Losing the Yeti in Forgotten Nation of Bhutan
by ABC News
He remembers the darkness of the pine forest, and the footprints, and his terror when the creature began to howl. He remembers the stories of his childhood, of a beast that stalked the upper reaches of the mountains, and how fear spread through the village every time it was spotted.
In a remote Himalayan kingdom that held out against the modern world for as long as it could, the old man remembers a time when the yeti was a normal part of life.
"The creature has always been out there, and it's out there still," says Sonam Dorji, 77, sitting on the pockmarked wooden floor of his small farmhouse. It's a cold Himalayan morning, and he warms himself beside a wood stove. The smell of burning pine fills the room. "If you travel the ancient trails, even today, there's a good chance you'll meet him."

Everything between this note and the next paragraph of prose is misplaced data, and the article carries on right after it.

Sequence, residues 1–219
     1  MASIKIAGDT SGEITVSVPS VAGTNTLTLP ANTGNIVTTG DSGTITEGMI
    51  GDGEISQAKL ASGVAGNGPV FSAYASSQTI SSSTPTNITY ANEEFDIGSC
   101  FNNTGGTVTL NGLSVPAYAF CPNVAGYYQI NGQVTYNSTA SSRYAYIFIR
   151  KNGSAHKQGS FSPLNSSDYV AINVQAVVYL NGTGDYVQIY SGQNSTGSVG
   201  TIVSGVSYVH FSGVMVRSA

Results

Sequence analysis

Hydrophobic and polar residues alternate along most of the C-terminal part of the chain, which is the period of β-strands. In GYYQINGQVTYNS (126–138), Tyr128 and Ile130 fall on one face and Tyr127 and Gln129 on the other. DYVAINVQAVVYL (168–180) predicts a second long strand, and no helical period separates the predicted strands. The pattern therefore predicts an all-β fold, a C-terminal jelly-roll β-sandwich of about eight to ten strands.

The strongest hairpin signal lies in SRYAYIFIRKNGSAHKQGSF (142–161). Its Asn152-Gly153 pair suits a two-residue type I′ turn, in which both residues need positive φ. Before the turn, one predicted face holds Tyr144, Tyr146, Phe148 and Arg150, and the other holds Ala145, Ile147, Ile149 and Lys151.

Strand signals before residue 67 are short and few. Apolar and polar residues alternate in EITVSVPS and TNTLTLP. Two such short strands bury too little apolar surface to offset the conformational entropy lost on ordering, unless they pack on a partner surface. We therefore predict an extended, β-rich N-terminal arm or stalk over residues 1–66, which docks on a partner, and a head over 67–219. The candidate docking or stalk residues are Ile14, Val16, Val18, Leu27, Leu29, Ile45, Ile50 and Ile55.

His son-in-law, listening to the old man's stories, laughs dismissively from across the room.
Tshering Sithar is 39, a bulldozer operator helping pave the road to this village, which until recently could only be reached on foot.
"What is there to say?" he asks. "There's nothing out there in the forest. Any educated person today knows this."
Many traditional beliefs remain deeply ingrained in Bhutan, from astrology to the worship of Buddhist priests. But the monster is now increasingly forgotten, and the link to an ancient past is more often seen as a sign of ignorance.
"We can't live today like we did in the 17th or 18th century. Our culture has to be dynamic," says Khandu Wangchuck, Bhutan's finance minister. "Within the last 40 years, we've jumped 300-400 years."
And the yeti? Wangchuck pauses. "I think most people today know this is just a story."